Posts Tagged With: meatballs

Pumpkin Seed Meatballs (Kanda)

Central African Entree

PUMPKIN SEED MEATBALLS
(Kanda)

INGREDIENTS

3½ cups shelled, lightly toasted pumpkins or squash seeds
6 garlic cloves
1 medium onion (1 more later)
1¼ pounds ground beef
½ cup water (if needed)
1 medium onion
4 tomatoes
1 cayenne chile pepper or chile pepper
6 tablespoons palm oil or peanut oil
½ teaspoon pepper
½ teaspoon salt
1 cup water
1 cup fresh parsley

SPECIAL UTENSILS

food processor
mandoline (optional)

Serves 6. Takes 1 hour 50 minutes.

PREPARATION

Add pumpkin seeds to food processor. Grind seeds until they become a powder. Mince garlic and 1 onion. Add pumpkin-seed powder, garlic, and onion to large mixing bowl. Blend with hands. (If needed to form a moist round meatball, gradually add up to ½ cup water, blending each time water is added.) Form mix into 1″ meatballs and chill in refrigerator for 30 minutes.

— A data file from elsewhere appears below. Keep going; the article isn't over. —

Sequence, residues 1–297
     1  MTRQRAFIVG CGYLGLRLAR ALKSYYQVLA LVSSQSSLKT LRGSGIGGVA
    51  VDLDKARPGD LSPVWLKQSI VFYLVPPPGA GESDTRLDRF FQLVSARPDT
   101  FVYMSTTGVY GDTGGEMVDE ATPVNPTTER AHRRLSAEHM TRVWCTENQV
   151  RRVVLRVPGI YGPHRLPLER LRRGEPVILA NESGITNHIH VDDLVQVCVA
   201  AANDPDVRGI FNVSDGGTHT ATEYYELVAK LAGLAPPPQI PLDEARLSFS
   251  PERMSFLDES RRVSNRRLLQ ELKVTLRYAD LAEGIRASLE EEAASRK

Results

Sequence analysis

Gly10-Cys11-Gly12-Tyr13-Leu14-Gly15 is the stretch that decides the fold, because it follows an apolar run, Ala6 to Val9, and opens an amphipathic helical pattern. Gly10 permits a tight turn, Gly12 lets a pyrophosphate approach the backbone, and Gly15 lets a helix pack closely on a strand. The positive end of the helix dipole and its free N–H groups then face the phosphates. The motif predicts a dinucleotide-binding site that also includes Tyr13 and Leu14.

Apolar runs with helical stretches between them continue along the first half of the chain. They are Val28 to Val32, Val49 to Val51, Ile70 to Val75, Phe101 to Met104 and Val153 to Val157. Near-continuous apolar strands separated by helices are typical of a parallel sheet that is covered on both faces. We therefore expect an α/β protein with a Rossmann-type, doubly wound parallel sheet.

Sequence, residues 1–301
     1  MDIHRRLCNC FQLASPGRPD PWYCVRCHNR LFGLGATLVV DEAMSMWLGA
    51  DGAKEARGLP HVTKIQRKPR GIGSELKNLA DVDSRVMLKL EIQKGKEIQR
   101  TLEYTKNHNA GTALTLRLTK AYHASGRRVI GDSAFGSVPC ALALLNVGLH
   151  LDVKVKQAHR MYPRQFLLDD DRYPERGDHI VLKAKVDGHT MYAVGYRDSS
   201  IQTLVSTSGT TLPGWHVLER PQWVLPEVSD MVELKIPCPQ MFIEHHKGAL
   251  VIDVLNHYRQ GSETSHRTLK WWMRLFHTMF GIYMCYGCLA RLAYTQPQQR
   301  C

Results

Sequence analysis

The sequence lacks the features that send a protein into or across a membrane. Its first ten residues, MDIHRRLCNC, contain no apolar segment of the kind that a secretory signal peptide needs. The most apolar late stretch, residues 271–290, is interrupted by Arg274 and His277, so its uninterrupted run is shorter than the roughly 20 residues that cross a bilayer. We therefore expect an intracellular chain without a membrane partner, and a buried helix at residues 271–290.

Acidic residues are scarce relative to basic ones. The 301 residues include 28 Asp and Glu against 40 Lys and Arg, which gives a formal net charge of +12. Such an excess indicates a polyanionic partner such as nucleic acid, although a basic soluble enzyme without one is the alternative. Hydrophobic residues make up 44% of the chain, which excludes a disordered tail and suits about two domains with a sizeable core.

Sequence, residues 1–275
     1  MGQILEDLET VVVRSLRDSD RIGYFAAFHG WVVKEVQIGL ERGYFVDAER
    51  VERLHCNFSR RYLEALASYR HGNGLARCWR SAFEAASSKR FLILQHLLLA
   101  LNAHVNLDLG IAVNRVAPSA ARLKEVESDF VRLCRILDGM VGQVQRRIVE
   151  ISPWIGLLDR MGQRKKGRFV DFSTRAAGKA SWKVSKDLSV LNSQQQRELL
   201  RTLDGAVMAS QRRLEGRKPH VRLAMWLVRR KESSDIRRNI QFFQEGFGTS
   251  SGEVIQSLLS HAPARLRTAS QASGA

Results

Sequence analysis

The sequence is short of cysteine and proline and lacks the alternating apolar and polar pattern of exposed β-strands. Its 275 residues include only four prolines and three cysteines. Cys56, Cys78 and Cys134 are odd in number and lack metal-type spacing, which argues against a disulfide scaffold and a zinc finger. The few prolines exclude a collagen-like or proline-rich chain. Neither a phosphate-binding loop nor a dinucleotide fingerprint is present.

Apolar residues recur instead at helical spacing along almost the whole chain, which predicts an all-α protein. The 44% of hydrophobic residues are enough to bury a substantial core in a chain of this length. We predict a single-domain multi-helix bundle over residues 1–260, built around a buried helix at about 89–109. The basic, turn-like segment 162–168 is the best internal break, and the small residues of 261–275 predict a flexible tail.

While meatballs chill, use mandoline to cut 1 onion into ¼” strips. Dice tomatoes. Seed and mince cayenne pepper. Add palm oil to large pan. Heat oil at medium-high heat or until a little bit of onion in oil starts to dance. Add onion slices, tomato, and cayenne chile pepper. Sauté at medium-high heat for 5 minutes or until onion slices soften. Stir frequently. Add pepper and salt. Stir.

Add 1 cup water. Bring water and sauce to boil using high heat. Stir occasionally. Gently add meatballs to pan. Reduce heat to medium and simmer for 20 minutes. Stir gently and occasionally. Reduce heat to warm-low and simmer for another 30 minutes. Stir gently and occasionally. Dice parsley. Garnish meatballs with parsley. This entree goes well with rice.

TIDBITS